This is the version of my concept analysis which I submitted for assessment.
There is not one single concept that could be considered the definitive definition of "open education". The word "open" is used in a wide variety of contexts to mean very different things. Examples include the idea of an "open door" indicating that a physical object is in a particular position that allows entry into a building or room; or an "open door policy" used to indicate that a person welcomes conversations with others; or "open for business", indicating that a particular business is currently welcoming customers.
Similarly, "education" is a very broad concept encompassing myriad different formal and informal contexts, philosophies, and cultures. For the purposes of this discussion, Holmberg"s concise definition of education as "the acquisition of intellectual learning matter and cognitive skills" (1995, p. 47)
is almost sufficient although I would add the acquisition of psychomotor skills and those in the affective domain to the definition. This definition will be adequate for this discussion, which will focus primarily on *openness* in education.
Open education as a concept is relatively new compared to other educational concepts, and consequently, there are few formal definitions (Bayne, Knox, & Ross, 2015). Common to many definitions found in scholarly literature are the ideas that open education is a system of beliefs that lead to a set of practices, or pedagogies, and that those pedagogies are often dependent upon the use of open education resources (OER) (Wiley, 2017). Open education is seen as a way to increase access to educational opportunities to those who might otherwise be excluded from participation
due to being unable to attend classes on a central campus for financial, social, or geographical reasons. Examples include people who live in remote areas, who are housebound, or whose safety may be compromised if they travel to campus. ("About The Open Education Consortium | The Open Education Consortium," n.d.; "Open Education," n.d.). Many definitions also include the idea that open education in practice ought to lead to improved learning outcomes for students (Cronin & MacLaren, 2018).
The word open has roots in Old English, meaning "not shut, confined, or covered" (Hoad, 2003) and later, in the 14th century, "manifestly, publicly" and then in the 20th century, "public knowledge", or an "open competition" ("open | Origin and meaning of open by Online Etymology Dictionary," n.d.). This brief history of the word open shows its utility in describing a philosophy of education that is committed to not only the public sharing of knowledge, but also to increasing access to learning environments that might have otherwise been inaccessible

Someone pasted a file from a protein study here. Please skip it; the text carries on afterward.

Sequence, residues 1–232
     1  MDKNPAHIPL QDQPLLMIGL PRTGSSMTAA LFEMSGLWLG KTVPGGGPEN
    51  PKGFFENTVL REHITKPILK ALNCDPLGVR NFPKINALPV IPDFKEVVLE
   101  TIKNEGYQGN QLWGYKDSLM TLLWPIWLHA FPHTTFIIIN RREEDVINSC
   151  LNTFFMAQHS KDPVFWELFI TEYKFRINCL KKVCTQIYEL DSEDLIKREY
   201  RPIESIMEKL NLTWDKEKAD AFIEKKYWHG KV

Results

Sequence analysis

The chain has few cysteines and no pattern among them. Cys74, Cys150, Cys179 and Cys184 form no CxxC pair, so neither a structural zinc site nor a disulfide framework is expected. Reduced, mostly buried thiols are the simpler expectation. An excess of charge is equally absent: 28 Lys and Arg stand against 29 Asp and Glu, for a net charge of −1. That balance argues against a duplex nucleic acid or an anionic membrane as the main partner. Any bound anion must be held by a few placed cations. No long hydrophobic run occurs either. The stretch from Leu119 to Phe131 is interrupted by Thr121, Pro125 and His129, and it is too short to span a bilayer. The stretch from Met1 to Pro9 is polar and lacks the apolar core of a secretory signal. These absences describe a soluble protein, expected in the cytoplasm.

such as those identified above.
Essential features of a concept are those features which, if absent, would render a phenomenon a non-example of that concept. There is disagreement in the field about what are the essential features of open education. David Wiley argues that the term open education has been used so broadly and in so many contexts that it is almost meaningless. Instead, he offers the term OER- enabled pedagogy with the essential feature being that a particular pedagogy would be impossible without the ability of the students or faculty to be able to engage in the 5R rights (Wiley, 2017). `However, OER-enabled pedagogy is only a subset of open education, so the use of OER may not be considered essential to the larger concept.
Others (Funes & Mackness, 2018; Schlagwein, Conboy, Feller, Leimeister, & Morgan, 2017), argue that an essential feature of open education is that it be aimed towards increasing social justice and democratizing access to educational resources and environments. For the purposes of this analysis, I would only add to this that the belief, practice, or resource should never reduce the quality of the learning outcomes attained by students.`
Accidental features of open education include the use of materials that are free of charge. While using free and openly licensed resources is common in the subset of open education known as OER-enabled pedagogy, it is not an essential characteristic. For example, open textbooks from the BCcampus Open Textbook Repository are available for free in digital formats, but they are also available in printed format for a modest fee.
This reduces, but does not eliminate the cost barrier. Also, open education may or may not be digitally mediated through networked technologies. Even though open education is often digitally mediated, openness can be practiced off-line as well.
An example of reducing barriers to participation in an off-line context can be seen in policies that allow visually impaired or deaf students to use interpreters in face-to-face classes.
Two examples of open education are the use of OER and providing multiple avenues of access to learning environments for those who cannot travel to campus.
OER are learning materials that are released under open licenses such as public domain or Creative Commons which allow users to use the materials for free (Hewlett, n.d.) and also enable users to retain, reuse, redistribute, remix, and revise (5Rs) the materials for their own use (Wiley, n.d.). While this reduction in costs (for students) represents a lowered,
but not necessarily removed, barrier to accessing higher education, it also represents opportunity for teachers and institutions to implement practices which are directed towards increasing social justice for marginalized populations of
current and potential students (Jhangiani & Jhangiani, 2017).
OER do not remove all barriers to participation, rather, they reduce *one* barrier, the cost of materials. Even if all course materials were free, students will still often have to pay for tuition, student fees, computer hardware and software, as well as transportation and living costs associated with attending campus. Examples of reducing costs and increasing access for remote students can also be seen in the practice of allowing multiple access points for students.
Multi-access learning environments are those where students have flexibility and choice in how they engage in the course activities and meetings.
By providing multiple points of entry, universities can reduce the cost compared to attending face-to-face classes on site, thus lowering, though not eliminating, a barrier to participation. Irvine, Code, and Richards (2013) describe four concentric spheres to represent four levels or tiers of access.
The word that Irvine, Code, and Richards use fortier 4 is open learning, where learners are empowered to participate in learning activities on their own time, in their own preferred location, and for whatever reason they want, often without expectation of receiving credit.